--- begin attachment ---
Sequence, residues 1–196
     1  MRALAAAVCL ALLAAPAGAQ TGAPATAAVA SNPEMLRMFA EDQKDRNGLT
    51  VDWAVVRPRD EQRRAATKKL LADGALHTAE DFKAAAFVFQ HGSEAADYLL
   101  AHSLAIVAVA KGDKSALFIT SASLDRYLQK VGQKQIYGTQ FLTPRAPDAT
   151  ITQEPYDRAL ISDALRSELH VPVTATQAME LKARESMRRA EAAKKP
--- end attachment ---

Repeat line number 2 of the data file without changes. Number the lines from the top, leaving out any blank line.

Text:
     1  MRALAAAVCL ALLAAPAGAQ TGAPATAAVA SNPEMLRMFA EDQKDRNGLT